BossHacksW1PackagingThough packaging isn’t my usual thing, I did have a few general thoughts I kinda wanted to touch on. The styling of the packaging isn’t too different from Fresh Monkey Fiction’s Amazing Heroes; the basic set-up resembles a traditional blister pack, but the whole front is actually a big plastic sleeve, which folds over the edges of the backer. The backer can be slid out, allowing the figure to be removed without doing any damage to the packaging. The execution of the packaging is pretty polished, but if I have one slight issue with the figures, it’s that the layout work on the actual backer card seems a little…amateur? It’s certainly not anything close to bad, but it lacks that professional finish that everything else included seems to have. Honestly, that’s probably just the layout designer in me being hyper-critical. My interest is the toys inside; these things could ship in egg cartons for all I care.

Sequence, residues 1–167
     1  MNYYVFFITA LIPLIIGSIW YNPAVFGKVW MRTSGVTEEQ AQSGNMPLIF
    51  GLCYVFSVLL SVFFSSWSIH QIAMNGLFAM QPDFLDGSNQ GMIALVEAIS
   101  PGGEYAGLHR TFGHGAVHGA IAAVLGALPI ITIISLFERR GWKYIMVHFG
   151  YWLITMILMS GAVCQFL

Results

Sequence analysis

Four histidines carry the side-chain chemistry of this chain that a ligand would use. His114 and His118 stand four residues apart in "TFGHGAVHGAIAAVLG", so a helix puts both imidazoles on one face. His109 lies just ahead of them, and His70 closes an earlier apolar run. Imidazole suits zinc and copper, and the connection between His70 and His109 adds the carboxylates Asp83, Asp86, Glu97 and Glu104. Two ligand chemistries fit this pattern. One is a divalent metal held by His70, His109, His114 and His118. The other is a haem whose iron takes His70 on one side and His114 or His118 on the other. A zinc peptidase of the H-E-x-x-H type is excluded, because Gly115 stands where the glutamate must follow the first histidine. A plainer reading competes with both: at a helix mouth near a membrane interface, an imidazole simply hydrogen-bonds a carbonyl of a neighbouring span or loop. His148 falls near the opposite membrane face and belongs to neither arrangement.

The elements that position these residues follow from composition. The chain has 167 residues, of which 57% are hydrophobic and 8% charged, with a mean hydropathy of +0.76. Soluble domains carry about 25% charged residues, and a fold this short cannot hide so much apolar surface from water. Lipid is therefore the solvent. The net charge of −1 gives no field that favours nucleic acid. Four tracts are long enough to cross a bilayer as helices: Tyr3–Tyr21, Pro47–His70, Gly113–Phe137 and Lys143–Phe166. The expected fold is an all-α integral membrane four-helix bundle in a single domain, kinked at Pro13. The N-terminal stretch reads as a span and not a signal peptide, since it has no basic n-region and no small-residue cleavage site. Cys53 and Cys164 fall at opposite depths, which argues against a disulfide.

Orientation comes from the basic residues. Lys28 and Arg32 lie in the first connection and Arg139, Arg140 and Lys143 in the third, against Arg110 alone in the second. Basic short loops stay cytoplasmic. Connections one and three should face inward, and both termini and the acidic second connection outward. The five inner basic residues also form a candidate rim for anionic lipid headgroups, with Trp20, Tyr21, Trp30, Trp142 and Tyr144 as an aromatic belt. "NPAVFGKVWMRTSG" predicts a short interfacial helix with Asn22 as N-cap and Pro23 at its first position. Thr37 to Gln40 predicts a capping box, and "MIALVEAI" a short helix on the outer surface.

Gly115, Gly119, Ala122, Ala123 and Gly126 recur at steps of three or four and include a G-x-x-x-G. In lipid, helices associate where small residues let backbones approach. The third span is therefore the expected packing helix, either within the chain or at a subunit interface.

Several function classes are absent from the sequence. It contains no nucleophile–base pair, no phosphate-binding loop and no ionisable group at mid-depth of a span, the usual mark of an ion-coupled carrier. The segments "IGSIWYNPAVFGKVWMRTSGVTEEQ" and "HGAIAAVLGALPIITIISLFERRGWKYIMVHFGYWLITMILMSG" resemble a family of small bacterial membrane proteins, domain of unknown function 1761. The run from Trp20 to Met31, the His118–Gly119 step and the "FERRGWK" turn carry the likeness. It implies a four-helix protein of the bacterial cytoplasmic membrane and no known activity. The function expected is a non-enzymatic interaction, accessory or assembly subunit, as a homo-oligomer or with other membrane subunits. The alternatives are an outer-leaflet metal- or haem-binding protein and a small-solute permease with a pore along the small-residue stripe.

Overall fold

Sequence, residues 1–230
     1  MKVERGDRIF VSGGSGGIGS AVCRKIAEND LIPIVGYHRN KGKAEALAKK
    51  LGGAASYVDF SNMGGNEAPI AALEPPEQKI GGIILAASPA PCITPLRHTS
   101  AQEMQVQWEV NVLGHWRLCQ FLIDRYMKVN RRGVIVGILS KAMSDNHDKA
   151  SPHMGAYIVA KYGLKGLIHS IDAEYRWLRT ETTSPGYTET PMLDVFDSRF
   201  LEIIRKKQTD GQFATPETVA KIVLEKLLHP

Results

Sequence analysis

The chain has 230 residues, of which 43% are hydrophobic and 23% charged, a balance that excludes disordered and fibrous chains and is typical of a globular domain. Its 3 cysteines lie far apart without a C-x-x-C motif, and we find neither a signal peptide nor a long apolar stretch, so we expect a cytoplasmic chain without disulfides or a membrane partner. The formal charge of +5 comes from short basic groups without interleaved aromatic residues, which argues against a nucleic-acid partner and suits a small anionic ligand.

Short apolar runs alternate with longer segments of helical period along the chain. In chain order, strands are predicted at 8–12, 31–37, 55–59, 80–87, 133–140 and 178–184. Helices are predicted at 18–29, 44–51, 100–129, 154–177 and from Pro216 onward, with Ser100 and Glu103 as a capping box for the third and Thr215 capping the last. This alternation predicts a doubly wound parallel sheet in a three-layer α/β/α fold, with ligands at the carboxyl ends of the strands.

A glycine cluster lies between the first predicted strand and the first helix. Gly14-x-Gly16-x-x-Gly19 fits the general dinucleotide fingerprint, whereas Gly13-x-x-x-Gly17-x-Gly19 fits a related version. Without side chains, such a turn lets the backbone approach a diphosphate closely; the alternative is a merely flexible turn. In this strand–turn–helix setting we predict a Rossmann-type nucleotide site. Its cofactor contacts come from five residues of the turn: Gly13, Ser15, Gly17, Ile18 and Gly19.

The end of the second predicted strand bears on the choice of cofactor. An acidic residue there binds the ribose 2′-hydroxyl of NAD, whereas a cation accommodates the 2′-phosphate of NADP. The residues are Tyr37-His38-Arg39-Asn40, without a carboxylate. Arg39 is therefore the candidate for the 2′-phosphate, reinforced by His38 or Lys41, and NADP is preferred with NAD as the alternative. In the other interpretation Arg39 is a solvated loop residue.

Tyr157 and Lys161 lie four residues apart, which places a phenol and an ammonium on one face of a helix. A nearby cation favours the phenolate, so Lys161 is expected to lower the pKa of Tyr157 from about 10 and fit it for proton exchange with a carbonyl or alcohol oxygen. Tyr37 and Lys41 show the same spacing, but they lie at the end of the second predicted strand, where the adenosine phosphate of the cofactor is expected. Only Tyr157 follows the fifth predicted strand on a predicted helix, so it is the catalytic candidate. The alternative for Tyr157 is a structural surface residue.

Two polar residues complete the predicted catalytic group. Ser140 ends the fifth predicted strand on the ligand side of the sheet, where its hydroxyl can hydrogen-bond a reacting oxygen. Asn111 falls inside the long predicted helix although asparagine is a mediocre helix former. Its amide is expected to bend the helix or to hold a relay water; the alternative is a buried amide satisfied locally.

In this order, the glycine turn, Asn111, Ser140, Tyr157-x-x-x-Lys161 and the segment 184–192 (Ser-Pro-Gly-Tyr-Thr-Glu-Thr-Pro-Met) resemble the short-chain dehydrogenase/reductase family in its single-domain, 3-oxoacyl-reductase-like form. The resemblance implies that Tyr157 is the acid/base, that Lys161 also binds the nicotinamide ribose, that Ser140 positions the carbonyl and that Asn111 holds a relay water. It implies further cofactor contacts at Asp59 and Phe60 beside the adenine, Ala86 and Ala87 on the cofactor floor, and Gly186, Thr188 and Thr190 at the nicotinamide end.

BossHacksw1bThe one named character in the first wave of figures is the Gorgon Medusa, who was cursed by Athena to turn all those that gazed upon her to stone. She figures prominently into the story of Perseus, and has as such been adapted to film a few times. Stylistically, this figure looks to take a lot of influence from the 1981 Clash of the Titans design for the character, giving her a generally reptilian appearance. When fully extended, the figure is just over 8 inches tall, and she has 26 points of articulation. Boss Fight has base male and female bodies that they build each figure on, and, unsurprisingly, Medusa uses the female body. Well, part of it, anyway. She uses the basic upper torso, arms, and hands, along with a lower torso and tail that’s being used on several of the Gorgons. The base pieces are a great starting point, and the basic proportions are nice and balanced. I wasn’t initially sure about how the tail would turn out, but it works really nicely in hand, and offers a lot of fun posing BossHacksw1coptions. Medusa also gets a unique head, as well as add-on pieces for her chest and shoulder armor, belt, and the bracers on her right wrist and bicep. The quality of these parts is all pretty top-notch. The armor has a ton of fun detailing. The head is pretty cool too. The hair is obviously a separate piece, and it sticks off the head a bit, but it doesn’t look terrible, and I really appreciate that they didn’t try to make her face overly attractive. That’s a scary face right there, just like Medusa’s face should be. The paint on this figure is pretty darn cool. The armor has some great dry brushing work to help accent the sculpted details and really give it a grimy, worn in look. The upper half of the body is pretty basic, but solidly handled, and the tail gets some pretty sweet pattern work, which really sells the reptilian-ness. Medusa includes a large blade-whip thing, a small knife styled like the whip, a spare set of hands with side to side wrist joints, and a display stand (which she can’t actually use, but it’s the thought that counts, right?)